Book Reviews - Stand-Alone/Solo Titles
Enemies & AlliesAuthor: Kevin J. Anderson
Published by: William Morrow [HarperCollins] (May 5, 2009)
Reviewed by: Steve Younis
"Enemies & Allies" is Kevin J. Anderson's much-anticipated follow-up to the best-selling novel "The Last Days of Krypton", and tells the story of Superman and Batman's first meeting.
Having received an advanced reader's edition, I eagerly sat down to read this new novel, and was quite impressed overall. It's an easy read that will have any DC Comics fan feeling right at home amongst the characters and settings portrayed in this novel.
Superman/Clark Kent/Kal-El - All three aspects of Superman's persona are equally covered in this story. He's still fairly new to his powers and place on Earth and we get to journey with him as he explores not only the limits of his powers but also the question of which problems he can and can't solve.
Clark's relationships with his colleagues at the Daily Planet are fleshed out nicely, as is his relationship with Martha Kent in Smallville.
Batman/Bruce Wayne - The Dark Knight probably gets a slightly larger focus in the story overall, but only slightly. Anderson spends quite a bit of time examining Batman's position in Gotham, his inner demons, and his thoughts on crime and justice.
Alfred adds a nicely placed lighter tone to Batman's hard focused edge.
Bruce Wayne's role is a vital and important one to the overall story, especially as a match for the nefarious Lex Luthor.
Lex Luthor - Speaking of Lex, this version of the character is everything you've come to expect of Superman's arch nemesis. Anderson expertly melds the various incarnations seen across comic books, cartoons, television and film, and creates a Lex Luthor who is not only a criminal genius, but a ruthless and scheming business tycoon. Lex's arrogance and self-importance make him more than capable of requiring both Superman and Batman to stop him.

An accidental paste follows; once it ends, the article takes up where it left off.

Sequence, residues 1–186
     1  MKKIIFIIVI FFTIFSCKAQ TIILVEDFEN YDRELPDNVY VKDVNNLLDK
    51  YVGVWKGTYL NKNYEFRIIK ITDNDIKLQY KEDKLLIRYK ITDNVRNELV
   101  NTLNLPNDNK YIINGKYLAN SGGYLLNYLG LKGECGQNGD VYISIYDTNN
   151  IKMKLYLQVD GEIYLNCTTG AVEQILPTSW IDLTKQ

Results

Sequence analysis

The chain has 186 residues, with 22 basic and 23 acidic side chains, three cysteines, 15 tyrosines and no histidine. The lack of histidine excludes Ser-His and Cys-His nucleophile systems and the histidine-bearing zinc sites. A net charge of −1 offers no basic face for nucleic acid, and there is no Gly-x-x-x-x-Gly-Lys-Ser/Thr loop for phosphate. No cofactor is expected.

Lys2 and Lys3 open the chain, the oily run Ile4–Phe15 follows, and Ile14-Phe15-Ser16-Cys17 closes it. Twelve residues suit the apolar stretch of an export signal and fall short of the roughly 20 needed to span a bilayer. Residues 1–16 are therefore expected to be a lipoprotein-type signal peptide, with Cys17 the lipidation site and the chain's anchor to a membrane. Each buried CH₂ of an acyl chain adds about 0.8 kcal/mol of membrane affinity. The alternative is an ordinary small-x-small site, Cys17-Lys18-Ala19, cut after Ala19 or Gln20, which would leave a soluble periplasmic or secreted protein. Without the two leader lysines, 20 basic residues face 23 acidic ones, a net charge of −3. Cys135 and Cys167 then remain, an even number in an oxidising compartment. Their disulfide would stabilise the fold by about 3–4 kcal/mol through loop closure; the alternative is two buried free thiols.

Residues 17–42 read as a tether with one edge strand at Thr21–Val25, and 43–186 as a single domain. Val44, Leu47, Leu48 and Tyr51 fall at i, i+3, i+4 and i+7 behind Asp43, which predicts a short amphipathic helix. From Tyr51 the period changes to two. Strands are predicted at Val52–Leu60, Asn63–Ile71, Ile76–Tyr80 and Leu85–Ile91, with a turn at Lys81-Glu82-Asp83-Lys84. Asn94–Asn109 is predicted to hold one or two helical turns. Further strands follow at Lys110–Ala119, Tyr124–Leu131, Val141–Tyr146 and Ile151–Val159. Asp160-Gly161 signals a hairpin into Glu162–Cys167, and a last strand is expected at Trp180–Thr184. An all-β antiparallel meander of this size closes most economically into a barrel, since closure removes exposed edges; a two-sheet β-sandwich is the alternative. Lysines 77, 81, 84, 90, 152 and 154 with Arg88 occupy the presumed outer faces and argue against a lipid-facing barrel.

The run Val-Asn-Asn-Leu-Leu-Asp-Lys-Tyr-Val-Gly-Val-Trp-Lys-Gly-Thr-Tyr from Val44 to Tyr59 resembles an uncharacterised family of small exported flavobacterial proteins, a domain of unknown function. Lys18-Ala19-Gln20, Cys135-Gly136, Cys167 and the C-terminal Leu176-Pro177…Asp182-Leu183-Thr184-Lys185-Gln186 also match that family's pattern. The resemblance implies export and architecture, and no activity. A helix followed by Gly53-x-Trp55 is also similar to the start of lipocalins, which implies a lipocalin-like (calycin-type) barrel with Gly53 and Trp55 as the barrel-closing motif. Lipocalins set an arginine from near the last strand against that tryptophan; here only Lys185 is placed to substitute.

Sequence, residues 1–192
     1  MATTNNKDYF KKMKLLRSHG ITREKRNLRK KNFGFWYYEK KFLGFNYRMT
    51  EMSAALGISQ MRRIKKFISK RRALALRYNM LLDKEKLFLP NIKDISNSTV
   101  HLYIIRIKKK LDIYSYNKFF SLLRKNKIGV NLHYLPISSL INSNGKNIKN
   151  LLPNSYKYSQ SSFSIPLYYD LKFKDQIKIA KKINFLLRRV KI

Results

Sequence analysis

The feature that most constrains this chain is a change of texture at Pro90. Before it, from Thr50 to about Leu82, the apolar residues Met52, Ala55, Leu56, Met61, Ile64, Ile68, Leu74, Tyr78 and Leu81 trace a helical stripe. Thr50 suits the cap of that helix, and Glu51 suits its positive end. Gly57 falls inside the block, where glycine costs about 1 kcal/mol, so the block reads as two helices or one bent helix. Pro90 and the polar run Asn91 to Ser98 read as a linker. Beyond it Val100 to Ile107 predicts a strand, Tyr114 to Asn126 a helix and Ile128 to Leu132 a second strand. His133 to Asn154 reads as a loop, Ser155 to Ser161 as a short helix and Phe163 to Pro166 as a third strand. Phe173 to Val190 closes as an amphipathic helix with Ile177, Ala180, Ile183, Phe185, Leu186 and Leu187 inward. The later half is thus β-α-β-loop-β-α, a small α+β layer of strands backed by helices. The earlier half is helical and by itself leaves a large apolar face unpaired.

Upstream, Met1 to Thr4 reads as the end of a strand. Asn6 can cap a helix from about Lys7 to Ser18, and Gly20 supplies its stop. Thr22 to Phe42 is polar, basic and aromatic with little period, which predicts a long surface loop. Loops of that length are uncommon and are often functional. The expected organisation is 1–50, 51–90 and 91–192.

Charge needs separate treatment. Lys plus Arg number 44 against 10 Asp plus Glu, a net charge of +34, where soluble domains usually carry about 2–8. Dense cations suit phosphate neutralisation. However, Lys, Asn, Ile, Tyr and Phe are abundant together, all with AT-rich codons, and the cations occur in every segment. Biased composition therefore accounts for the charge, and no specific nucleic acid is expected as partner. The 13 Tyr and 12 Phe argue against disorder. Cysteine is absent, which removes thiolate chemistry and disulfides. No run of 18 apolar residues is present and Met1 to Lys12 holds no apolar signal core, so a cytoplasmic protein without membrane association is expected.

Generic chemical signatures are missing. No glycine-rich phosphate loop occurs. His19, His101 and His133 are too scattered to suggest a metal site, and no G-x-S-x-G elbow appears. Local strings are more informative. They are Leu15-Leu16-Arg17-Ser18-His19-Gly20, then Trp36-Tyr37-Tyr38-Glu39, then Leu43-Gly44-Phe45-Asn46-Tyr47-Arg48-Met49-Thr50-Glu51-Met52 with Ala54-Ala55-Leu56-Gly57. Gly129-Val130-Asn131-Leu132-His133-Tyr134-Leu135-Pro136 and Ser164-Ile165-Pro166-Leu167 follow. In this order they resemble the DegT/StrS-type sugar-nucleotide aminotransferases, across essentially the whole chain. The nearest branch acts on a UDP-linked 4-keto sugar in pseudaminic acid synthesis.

Lois Lane - General Sam Lane's little girl is a go-getter. She's feisty, willful and absolutely lovable. While somewhat reckless, this Lois Lane knows what she wants, why she wants it, and will figure out how to get it... even if it might get her into a lot of trouble. It's not hard to see why the Man of Steel falls for this girl reporter.
Jimmy Olsen, Perry White, Martha Kent and other minor characters are all present and play their part in the story. As does a Russian General by the name of Ceridov, who adds an international flavor to the story that fits in nicely with the settings of the 1950s, Cold War tensions, nuclear experimentation, UFO sightings, Area 51 and emerging technology.
"Enemies & Allies" covers many locations, including Metropolis with LuthorCorp and the Daily Planet, Gotham with Wayne Enterprises, Wayne Manor and the Batcave. Other locations include the Fortress of Solitude, a Russian Gulag and Luthor's own island hideaway.
The story is set in the 1950s and is done so for a reason. Luthor's plan is heavily dependent upon the American people's paranoia surrounding the Communist threat and the ever-present interest in UFOs and alien invasions.
Batman's gadgets seem to be a bit advanced for the 1950s, but it's not something that drags you out of the story too much.
I made mention earlier of Anderson's focus on Batman. To be fair, on the Gotham side of things the story only really involves Batman/Bruce Wayne and Alfred, while on the Superman side of things there's Superman/Clark Kent, Lex Luthor, Lois Lane, Jimmy Olsen, Perry White, and Martha Kent. So it's understandable that Batman would get a little more "screen time" than Superman, as Lex and Lois are both huge parts of the story as well.